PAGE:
Howard Dean's New Mexico Love-In

Former Vermont Gov. Howard Dean, left, and New Mexico Gov. Bill Richardson meet with reporters in Albuquerque, N.M. Nov. 19, 2003.
CBS News Reporter Eric Salzman is traveling with the Dean campaign.

"Please don't frame it that he's endorsing Gov. Dean, because he's not," a spokesperson for New Mexico Gov. Bill Richardson said Wednesday after the two governors held a joint press conference in Albuquerque.

As chair of the upcoming Democratic National Convention in Boston, Richardson, one of the nation's highest-ranking minority politicians, may not formally endorse any of the Democratic candidates competing to be their party's nominee for president.

But yesterday, appearing before reporters with Dean after a private meeting, Richardson paid the highest of compliments to the doctor turned politician.

"Gov. Dean has an impressive array of endorsements from New Mexico from Hispanic and Native American leaders," Richardson said. "Literally, my organization's endorsed him."

His organization?

When Richardson's office was pressed for an explanation on just what the governor meant by his "organization," the response was simply "his coalition of supporters." Richardson's choice of words, however, seemed intentional.

New Mexico is one of the seven key primary states on what has turned into a mini-Super Tuesday on February 3. The other states selecting their nominee that day are South Carolina, Missouri, Delaware, Oklahoma, Arizona and North Dakota. Because of New Mexico's high minority population, it is viewed as particularly important, as is South Carolina because of it's "first in the South" status.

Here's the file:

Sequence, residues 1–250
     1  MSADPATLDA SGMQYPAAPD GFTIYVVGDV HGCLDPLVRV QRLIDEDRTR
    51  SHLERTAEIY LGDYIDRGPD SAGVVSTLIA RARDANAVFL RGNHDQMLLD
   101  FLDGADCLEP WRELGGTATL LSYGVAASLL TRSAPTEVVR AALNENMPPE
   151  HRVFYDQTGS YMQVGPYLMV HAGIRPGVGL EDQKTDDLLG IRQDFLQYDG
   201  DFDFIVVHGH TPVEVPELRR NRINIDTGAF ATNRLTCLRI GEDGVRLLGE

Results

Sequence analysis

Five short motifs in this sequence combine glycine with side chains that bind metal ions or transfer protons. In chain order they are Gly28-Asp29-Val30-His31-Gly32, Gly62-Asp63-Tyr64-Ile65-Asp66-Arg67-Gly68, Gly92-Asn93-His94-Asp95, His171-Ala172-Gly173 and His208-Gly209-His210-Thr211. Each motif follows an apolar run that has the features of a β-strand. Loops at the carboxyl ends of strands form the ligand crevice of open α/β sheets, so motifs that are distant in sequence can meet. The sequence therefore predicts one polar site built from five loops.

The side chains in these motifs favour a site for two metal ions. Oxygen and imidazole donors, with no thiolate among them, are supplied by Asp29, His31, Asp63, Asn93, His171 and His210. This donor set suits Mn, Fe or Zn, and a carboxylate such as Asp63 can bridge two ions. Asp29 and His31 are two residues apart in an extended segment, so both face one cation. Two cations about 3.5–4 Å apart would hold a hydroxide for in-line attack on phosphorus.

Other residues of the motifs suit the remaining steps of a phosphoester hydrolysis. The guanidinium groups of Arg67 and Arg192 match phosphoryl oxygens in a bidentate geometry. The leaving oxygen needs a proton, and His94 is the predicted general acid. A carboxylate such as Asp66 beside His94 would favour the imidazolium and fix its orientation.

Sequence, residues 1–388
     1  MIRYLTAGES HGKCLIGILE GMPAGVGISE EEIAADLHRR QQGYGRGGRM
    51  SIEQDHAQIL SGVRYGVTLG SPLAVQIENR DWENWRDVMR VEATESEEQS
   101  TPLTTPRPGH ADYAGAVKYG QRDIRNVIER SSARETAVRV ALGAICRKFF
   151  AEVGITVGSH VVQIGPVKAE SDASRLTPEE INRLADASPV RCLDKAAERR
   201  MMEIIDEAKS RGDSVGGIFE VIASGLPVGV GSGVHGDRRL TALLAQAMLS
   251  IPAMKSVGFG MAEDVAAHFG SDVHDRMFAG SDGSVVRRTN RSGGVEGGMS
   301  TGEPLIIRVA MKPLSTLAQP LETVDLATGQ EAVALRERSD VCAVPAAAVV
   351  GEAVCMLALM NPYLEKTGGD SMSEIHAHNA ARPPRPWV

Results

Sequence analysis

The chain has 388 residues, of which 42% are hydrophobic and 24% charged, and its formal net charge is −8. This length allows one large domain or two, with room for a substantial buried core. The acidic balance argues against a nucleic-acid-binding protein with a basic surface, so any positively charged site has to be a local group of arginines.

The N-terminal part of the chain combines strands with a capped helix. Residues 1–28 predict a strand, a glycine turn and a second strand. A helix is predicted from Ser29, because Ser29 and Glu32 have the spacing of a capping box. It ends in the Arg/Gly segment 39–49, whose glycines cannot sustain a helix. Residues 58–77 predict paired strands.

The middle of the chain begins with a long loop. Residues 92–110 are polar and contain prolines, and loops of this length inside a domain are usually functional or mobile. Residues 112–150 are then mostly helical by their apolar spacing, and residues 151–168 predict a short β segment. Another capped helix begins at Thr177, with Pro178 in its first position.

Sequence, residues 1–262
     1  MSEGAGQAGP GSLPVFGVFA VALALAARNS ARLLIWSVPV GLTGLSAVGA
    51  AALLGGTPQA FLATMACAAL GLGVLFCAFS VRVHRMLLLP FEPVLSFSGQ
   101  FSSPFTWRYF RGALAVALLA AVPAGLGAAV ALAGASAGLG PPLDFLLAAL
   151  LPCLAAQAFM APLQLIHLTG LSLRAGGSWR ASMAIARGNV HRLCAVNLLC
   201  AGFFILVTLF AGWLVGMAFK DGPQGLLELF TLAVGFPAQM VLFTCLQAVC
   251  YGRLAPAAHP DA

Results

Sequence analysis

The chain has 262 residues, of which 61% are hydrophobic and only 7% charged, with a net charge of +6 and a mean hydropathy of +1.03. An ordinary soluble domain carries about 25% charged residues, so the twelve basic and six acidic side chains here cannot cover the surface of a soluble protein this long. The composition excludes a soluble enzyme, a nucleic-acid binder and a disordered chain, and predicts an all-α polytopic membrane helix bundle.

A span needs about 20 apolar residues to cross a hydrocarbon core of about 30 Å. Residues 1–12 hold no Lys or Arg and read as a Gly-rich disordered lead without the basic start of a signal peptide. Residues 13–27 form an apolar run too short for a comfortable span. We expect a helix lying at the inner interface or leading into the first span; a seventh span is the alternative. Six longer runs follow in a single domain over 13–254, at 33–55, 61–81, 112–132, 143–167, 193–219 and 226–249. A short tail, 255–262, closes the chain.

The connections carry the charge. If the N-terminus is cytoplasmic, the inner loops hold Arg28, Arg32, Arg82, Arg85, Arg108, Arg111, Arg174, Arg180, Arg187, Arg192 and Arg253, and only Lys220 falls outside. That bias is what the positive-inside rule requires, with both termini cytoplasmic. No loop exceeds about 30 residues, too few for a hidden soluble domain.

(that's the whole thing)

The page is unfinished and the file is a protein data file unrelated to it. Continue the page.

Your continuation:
Although both Dean and Richardson insisted that their joint appearance did not constitute an endorsement, love was in the air. Richardson, while claiming the event was merely to "welcome" Dean, stated, "I can categorically say in New Mexico, he has the strongest organization."

Dean returned some of the love Richardson's way, calling the New Mexico governor, "one of the foremost and important political figures in this country."
Richardson acknowledged he had played host to other Democratic candidates including Sen. John Edwards and Sen. John Kerry. However, he quickly added, "I'm very impressed with the fact that the governor had not just swooped in and out, but he's been here several times."

Prior to the event, Dean appeared with more than a dozen New Mexico political who have endorsed his candidacy, including former governor Toney Anaya and Albuquerque mayor Martin Chavez.

By Eric Salzman